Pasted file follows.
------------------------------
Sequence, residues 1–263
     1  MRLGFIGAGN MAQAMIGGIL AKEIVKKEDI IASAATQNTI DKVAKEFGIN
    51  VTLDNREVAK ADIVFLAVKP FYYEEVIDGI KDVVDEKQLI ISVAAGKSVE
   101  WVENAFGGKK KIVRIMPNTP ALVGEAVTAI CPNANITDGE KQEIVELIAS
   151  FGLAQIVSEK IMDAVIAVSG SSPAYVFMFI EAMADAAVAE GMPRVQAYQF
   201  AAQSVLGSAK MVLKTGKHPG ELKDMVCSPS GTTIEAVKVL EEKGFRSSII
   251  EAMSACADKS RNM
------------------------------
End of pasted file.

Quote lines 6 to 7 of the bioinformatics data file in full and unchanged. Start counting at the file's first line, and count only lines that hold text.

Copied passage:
   201  AAQSVLGSAK MVLKTGKHPG ELKDMVCSPS GTTIEAVKVL EEKGFRSSII
   251  EAMSACADKS RNM